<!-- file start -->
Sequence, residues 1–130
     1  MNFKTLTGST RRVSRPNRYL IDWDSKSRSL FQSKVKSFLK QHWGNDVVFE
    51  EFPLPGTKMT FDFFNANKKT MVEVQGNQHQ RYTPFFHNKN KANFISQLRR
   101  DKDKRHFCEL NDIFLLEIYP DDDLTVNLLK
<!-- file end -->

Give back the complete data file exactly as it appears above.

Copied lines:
Sequence, residues 1–130
     1  MNFKTLTGST RRVSRPNRYL IDWDSKSRSL FQSKVKSFLK QHWGNDVVFE
    51  EFPLPGTKMT FDFFNANKKT MVEVQGNQHQ RYTPFFHNKN KANFISQLRR
   101  DKDKRHFCEL NDIFLLEIYP DDDLTVNLLK